Patient satisfaction is increasingly used as a metric to evaluate the quality of healthcare services and to determine hospital and physician compensation. The aim of this study was to identify preoperative factors associated with Press Ganey Ambulatory Surgery (PGAS) satisfaction scores, and to evaluate the effect of each PGAS domain score on the total PGAS score variability in patients undergoing anterior cruciate ligament reconstruction (ACLR). A review of a Press Ganey (PG) database at a single center was performed for patients undergoing ACLR between 2015 and 2019. Ninety-nine patients completed the PGAS survey and 54 also completed preoperative demographic and patient-reported outcome measures (PROMs) for an orthopaedic registry. PGAS scores were calculated and bivariate analysis was performed. Multivariable linear regression determined the effect of each of the six PGAS domains on the total PGAS score variability. In the total cohort of 99 patients, no factors were significantly associated with the total PGAS score or any domain scores. For the 54 patients who also participated in the orthopaedic registry, none of the preoperative PROMs were significantly correlated with total PGAS score. However, having a college degree (89 vs. 95 or 97 points; p = 0.02) and continuous femoral nerve catheter (92 vs. 100 points; p = 0.04) was associated with lower personal issue domain scores, while patients with a greater number of prior surgeries had worse registration domain scores (ρ = -0.27; p = 0.049). For the entire cohort, the registration and facility domains contributed the most variability to the total PGAS score, while the physician domain contributed the least. Few preoperative factors are associated with PGAS scores, and total PGAS scores do not significantly correlate with baseline PROMs. Surgeons may have limited ability to improve their PGAS scores given most of the variability in total scores stems from systemic aspects of the patient experience.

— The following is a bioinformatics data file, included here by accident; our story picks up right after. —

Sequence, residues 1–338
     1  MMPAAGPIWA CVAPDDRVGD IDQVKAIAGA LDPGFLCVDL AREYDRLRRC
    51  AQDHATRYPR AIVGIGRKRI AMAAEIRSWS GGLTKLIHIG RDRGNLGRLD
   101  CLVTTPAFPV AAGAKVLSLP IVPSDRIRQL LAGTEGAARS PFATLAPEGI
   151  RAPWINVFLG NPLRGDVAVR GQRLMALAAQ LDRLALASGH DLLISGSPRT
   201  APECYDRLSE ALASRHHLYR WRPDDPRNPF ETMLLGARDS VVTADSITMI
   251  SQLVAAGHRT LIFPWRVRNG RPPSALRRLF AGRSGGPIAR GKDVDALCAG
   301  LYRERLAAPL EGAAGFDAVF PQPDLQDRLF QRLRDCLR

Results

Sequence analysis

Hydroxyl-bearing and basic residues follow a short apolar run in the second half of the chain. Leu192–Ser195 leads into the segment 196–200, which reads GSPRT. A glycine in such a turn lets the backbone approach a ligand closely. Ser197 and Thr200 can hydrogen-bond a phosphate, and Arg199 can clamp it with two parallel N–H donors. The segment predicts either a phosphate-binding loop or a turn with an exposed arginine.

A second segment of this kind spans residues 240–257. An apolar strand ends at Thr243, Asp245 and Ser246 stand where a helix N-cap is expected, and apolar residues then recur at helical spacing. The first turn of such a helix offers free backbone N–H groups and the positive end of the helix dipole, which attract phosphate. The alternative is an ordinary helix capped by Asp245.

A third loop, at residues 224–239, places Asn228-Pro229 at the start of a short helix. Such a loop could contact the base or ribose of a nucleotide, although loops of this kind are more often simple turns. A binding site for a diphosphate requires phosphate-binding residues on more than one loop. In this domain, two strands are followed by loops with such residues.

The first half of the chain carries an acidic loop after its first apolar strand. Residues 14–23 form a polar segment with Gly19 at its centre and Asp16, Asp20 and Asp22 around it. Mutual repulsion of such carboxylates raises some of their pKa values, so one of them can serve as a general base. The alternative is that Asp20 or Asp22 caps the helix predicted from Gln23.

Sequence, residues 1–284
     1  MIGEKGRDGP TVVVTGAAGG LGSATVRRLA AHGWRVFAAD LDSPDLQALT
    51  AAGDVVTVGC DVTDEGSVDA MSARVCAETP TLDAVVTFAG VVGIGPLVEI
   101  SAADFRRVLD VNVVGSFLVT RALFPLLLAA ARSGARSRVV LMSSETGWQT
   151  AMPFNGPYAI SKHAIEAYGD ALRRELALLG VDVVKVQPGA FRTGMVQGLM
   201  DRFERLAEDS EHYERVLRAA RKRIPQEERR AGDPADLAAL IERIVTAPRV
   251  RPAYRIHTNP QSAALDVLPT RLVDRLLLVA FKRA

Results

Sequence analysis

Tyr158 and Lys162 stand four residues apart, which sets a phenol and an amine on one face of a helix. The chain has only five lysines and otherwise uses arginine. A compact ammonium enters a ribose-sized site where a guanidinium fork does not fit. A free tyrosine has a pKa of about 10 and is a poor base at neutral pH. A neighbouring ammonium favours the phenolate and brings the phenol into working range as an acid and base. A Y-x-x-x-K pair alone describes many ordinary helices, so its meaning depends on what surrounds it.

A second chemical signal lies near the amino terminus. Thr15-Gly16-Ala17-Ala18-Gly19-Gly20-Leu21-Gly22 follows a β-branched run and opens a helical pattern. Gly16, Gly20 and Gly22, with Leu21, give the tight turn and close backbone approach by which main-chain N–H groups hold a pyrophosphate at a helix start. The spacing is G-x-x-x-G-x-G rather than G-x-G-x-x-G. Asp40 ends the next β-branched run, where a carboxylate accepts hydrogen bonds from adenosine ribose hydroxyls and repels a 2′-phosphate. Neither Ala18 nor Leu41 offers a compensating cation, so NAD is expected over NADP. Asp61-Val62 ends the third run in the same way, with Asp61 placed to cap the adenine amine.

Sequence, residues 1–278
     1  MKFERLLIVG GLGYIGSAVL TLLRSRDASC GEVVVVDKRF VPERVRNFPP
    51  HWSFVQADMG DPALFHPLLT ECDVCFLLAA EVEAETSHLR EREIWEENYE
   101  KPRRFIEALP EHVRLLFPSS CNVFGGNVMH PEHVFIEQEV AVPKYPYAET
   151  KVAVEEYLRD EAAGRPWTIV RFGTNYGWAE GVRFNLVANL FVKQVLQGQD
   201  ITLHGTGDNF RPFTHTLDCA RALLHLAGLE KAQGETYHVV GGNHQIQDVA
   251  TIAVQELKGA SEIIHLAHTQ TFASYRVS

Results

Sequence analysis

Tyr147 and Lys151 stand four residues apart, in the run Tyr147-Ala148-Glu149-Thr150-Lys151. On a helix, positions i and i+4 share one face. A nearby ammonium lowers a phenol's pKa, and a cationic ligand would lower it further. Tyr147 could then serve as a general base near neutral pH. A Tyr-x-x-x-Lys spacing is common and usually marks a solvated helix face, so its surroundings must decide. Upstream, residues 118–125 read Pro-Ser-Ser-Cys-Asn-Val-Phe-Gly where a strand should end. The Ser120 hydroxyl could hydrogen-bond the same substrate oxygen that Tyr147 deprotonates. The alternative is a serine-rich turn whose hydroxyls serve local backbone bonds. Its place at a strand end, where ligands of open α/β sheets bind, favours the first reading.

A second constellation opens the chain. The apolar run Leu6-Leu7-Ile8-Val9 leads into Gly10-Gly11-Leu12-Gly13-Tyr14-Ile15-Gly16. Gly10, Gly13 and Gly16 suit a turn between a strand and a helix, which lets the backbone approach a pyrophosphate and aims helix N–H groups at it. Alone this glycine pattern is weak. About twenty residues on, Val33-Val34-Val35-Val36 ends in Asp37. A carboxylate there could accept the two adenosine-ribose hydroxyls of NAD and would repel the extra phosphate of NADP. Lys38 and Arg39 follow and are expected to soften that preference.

• Functional connectome mediates the association between sleep disturbance and mental health in preadolescence: A longitudinal mediation study.

      Yang, Fan Nils; Liu, Tina Tong; Wang, Ze (Wiley-Blackwell, 2022-01-18)
      Sleep disturbance is known to be associated with various mental disorders and often precedes the onset of mental disorders in youth. Given the increasingly acknowledged bidirectional influence between sleep disturbance and mental disorders, we aim to identify a shared neural mechanism that underlies sleep disturbance and mental disorders in preadolescents. We analyzed a dataset of 9,350 9–10 year-old children, among whom 8,845 had 1-year follow-up data, from the Adolescent Brain Cognitive Development (ABCD) study. Linear mixed-effects models, mediation analysis, and longitudinal mediation analysis were used to investigate the relationship between sleep disturbance, mental disorders, and resting-state network connectivity. Out of 186 unique connectivities, the effect of total sleep disturbance (TSP, from Sleep Disturbance Scale) and mental problems (MP, from Child Behavior Checklist) converged in the default mode network (DMN) and the dorsal attention network (DAN). Within- and between-network connectivities (DMN-DAN, DMN-DMN, DAN-DAN) mediated the relationship between baseline TSD and MP at 1-year follow-up and the relationship between baseline MP and TSD at 1-year follow-up. The pathway model in which sleep disturbance and mental problems affect each other through two anticorrelated brain networks (DMN and DAN) suggests a common neural mechanism between them. Longitudinally, a less segregated DMN and DAN is associated with negative outcomes on mental well-being and sleep disturbance a year later. These findings have important implications for the design of prevention and neurofeedback intervention for mental disorders and sleep problems. © 2022 The Authors. Human Brain Mapping published by Wiley Periodicals LLC.